The award was appealed by the Employer to common pleas court. The Court determined that the Arbitrator’s award was rationally derived from the CBA, was not in violation of public policy and refused to vacate the award.
The Commonwealth Court upheld the trial court decision that the award was justified under the essence test. It also observed that the public policy exception to the essence test is extremely narrow.
“In light of the conditions imposed by Arbitrator, which address Employer’s concerns in this case, Arbitrator’s award does not pose an unacceptable risk to any well-defined or dominant school law or policy. [citing cases] Accordingly, we reject Employer’s contention that the trial court erred in failing to determine Arbitrator’s award violates the public policy exception.”
Posted by Cliff Tuttle| January 31, 2015 | © 2015
Who would have thunk it?
So much about so little. But sometimes things happen that way.
The most obvious scenario has hardly been discussed. Ball boy forgets or is too lazy to inflate the game balls. Official forgets or is too lazy to check them.
Mistakes happen all of the time and when they do, other people often assume the worst.
Of course, after all this, the ball boy and the official are not going to tell the truth. They should, but they won’t. They are afraid of being fired — and with good reason. And so, it continues to be a big mystery.
As President Obama likes to say, we have here a “teachable moment.”
The Patriots did exactly the wrong thing in response to the accusation of cheating. They started denying wrongdoing before they had thoroughly investigated the facts. Instead of holding press conferences, they should have immediately announced that an investigation was being conducted and that they would have no comment until they had determined the facts. And then, they should have put the locker room and offices of the team on lock down and brought in their outside counsel to interview everyone who could have information.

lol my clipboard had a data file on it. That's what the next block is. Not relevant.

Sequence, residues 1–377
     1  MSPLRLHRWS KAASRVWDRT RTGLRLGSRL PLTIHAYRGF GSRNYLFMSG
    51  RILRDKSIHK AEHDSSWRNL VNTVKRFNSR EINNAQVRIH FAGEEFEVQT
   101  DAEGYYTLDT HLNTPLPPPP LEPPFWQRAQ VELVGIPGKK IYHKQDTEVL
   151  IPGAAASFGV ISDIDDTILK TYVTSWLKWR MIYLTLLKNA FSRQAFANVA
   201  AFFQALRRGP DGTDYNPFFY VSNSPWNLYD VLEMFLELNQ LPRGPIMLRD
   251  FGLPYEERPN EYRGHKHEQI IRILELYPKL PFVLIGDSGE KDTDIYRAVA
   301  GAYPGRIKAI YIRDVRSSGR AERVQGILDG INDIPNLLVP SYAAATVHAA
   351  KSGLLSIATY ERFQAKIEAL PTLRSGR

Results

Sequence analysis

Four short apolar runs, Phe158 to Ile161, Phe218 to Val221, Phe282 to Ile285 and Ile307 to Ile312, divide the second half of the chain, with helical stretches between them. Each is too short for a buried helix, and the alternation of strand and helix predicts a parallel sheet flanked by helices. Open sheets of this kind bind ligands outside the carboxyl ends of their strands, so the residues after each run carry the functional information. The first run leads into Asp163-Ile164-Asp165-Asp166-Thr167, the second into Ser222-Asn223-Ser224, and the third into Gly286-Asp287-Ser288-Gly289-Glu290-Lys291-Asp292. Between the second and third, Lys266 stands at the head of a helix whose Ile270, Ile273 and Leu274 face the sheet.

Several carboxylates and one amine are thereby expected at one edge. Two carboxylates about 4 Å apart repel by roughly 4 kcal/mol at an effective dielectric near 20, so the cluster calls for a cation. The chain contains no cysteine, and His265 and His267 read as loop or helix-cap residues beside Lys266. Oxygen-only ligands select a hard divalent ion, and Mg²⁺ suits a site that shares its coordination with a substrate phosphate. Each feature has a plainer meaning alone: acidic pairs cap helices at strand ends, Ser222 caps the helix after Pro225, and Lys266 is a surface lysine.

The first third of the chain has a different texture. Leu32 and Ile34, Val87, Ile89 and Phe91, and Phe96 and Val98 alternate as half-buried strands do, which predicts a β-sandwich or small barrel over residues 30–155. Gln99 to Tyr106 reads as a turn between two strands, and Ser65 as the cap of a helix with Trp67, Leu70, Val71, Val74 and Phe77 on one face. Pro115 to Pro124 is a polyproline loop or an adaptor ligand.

The outside counsel’s report and conversations with management are, of course, subject to lawyer-client privilege. The discussion between lawyer and client cannot be discovered in litigation, or even by the almighty NFL. This gives management an opportunity to sift through the data and formulate conclusions in an orderly way. It also enables the lawyer and client to have candid conversations off the record.
Then, the following day, a spokesman for the team should have announced the factual findings. The focus should be on facts — not denial of accusations. No member of management, coach, team member or other insider should be permitted to discuss the matter with the press or the public. Of course they must cooperate with the NFL investigation — but not in a public forum.